Velocity Reviews - Computer Hardware Reviews

Velocity Reviews > Newsgroups > Computing > Digital Photography > Some Very Basic Questions...

Reply
Thread Tools

Some Very Basic Questions...

 
 
Ben
Guest
Posts: n/a
 
      09-19-2004
Hi there, as you may have guessed from the thread title, i am new at
SLR photography, but i would very much like to get into it.
But first i have a couple of questions:
Is there anywhere on the www, or a book, that could explain to me the
most basic of things, such as when a lens is described as being 18-55
mm, what does this measurement actually refer to?
Also, i would like to choose a lens for my D SLR body (Canon EOS), but
have no idea which one to pick. Aside from giving me all of the fancy
specs, most sites i come across do not actually explain things in a
way that is easy for a COMPLETE beginner to understand. To start off
with i would like a lens that is good for taking day to day shots, i
suppose a middle of the road, best of both worlds lens that will help
me to get used to taking regular kinds of shots.
I would very much appreciate it if anyone could get back to me to give
me a pointer in the right direction here.
Many thanks, Ben.
 
Reply With Quote
 
 
 
 
GT40
Guest
Posts: n/a
 
      09-19-2004
www.dprewview.com might help you. The is some good info on the Canon
website. For ultra basic info try, www.howstuffworks,com

For your lens the Canon 28-135mm lens would be a good choice.

On 18 Sep 2004 17:46:57 -0700, http://www.velocityreviews.com/forums/(E-Mail Removed) (Ben) wrote:

>Hi there, as you may have guessed from the thread title, i am new at
>SLR photography, but i would very much like to get into it.
>But first i have a couple of questions:
>Is there anywhere on the www, or a book, that could explain to me the
>most basic of things, such as when a lens is described as being 18-55
>mm, what does this measurement actually refer to?
>Also, i would like to choose a lens for my D SLR body (Canon EOS), but
>have no idea which one to pick. Aside from giving me all of the fancy
>specs, most sites i come across do not actually explain things in a
>way that is easy for a COMPLETE beginner to understand. To start off
>with i would like a lens that is good for taking day to day shots, i
>suppose a middle of the road, best of both worlds lens that will help
>me to get used to taking regular kinds of shots.
>I would very much appreciate it if anyone could get back to me to give
>me a pointer in the right direction here.
>Many thanks, Ben.


 
Reply With Quote
 
 
 
 
David Dyer-Bennet
Guest
Posts: n/a
 
      09-19-2004
(E-Mail Removed) (Ben) writes:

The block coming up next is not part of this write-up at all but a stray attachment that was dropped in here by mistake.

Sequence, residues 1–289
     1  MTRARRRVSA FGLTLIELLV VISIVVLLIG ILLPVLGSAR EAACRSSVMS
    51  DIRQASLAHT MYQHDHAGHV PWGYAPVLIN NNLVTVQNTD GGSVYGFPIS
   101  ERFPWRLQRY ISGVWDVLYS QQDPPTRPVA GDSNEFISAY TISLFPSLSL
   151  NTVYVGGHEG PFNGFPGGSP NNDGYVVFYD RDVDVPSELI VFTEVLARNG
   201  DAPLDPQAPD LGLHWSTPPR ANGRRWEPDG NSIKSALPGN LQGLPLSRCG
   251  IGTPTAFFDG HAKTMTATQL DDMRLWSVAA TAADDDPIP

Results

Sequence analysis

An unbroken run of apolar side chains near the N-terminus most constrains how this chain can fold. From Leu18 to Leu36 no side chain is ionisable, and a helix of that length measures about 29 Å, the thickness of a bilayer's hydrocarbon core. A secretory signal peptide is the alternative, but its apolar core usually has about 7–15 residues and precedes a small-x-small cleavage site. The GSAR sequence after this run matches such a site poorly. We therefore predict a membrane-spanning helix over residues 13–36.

> Hi there, as you may have guessed from the thread title, i am new at
> SLR photography, but i would very much like to get into it.
> But first i have a couple of questions:
> Is there anywhere on the www, or a book, that could explain to me the
> most basic of things, such as when a lens is described as being 18-55
> mm, what does this measurement actually refer to?
> Also, i would like to choose a lens for my D SLR body (Canon EOS), but
> have no idea which one to pick. Aside from giving me all of the fancy
> specs, most sites i come across do not actually explain things in a
> way that is easy for a COMPLETE beginner to understand. To start off
> with i would like a lens that is good for taking day to day shots, i
> suppose a middle of the road, best of both worlds lens that will help
> me to get used to taking regular kinds of shots.
> I would very much appreciate it if anyone could get back to me to give
> me a pointer in the right direction here.


I can't unfortunately point to a good book; I don't have fond memories
of any one book that really taught me this stuff, and if I did it
would be outdated and out of print by now. I hope somebody comes
through on this one for you, because that's the right question to ask!

The "18-55mm" means that lens is a "zoom" lens (probably technically a
varifocal rather than a zoom, but almost nobody cares about that
distinction any more), and it can be set for any "focal length"
between 18mm and 55mm. The "focal length" of a lens is the distance
in back of "the lens" (technically one specific one of the "nodal points" of
the lens but my optics doesn't go that far; for practical purposes
about the middle of most camera lenses) at which an image of something
"at infinity" in front of the lens will be brought into sharp focus.

In *practice* what the focal length means is the angle of view of the
lens. Smaller numbers mean wider angle of view. Note that the angle
of view isn't *just* a property of the lens; it's a property of the
combination of the lens, and the film or sensor it's placed in front
of. The lens projects a circular image, which the sensor crops to a
rectangle of some particular shape. The size of the circular image
(or, often, the lower quality of the outer edges) set a practical
limit on how big a sensor/piece of film you can use that lens to take
a photo onto. This is why you need a *different* 200mm lens for a
35mm camera than you do for a 4x5 view camera; the one made for a 35mm
camera projects far too small an image to cover a 4x5 sheet of film.
And why the two lenses of the same focal have different angles of view
*when used on their intended format film*.

Kinda by convention, kinda by observation of how the human eye works,
a focal length about equal to the diagonal of the film (or sensor) is
considered "normal". For 35mm film, a 50mm lens is considered
normal. For a 1.6x crop factor digital SLR a 30mm lens would be
about "normal" in the same sense.

So that 18-55mm zoom lens would be a pretty good choice for a
"most-of-the-time" lens on the EOS 300 -- it'd give you coverage from
moderate wideangle to mild telephoto. Which is why that lens was
introduced. Like most cheaper zooms, it's fairly "slow" -- low
light-gathering power, so not too good for shooting in low light
without flash. Fast lenses are expensive, large, and heavy; like most
of life, photography is full of tradeoffs.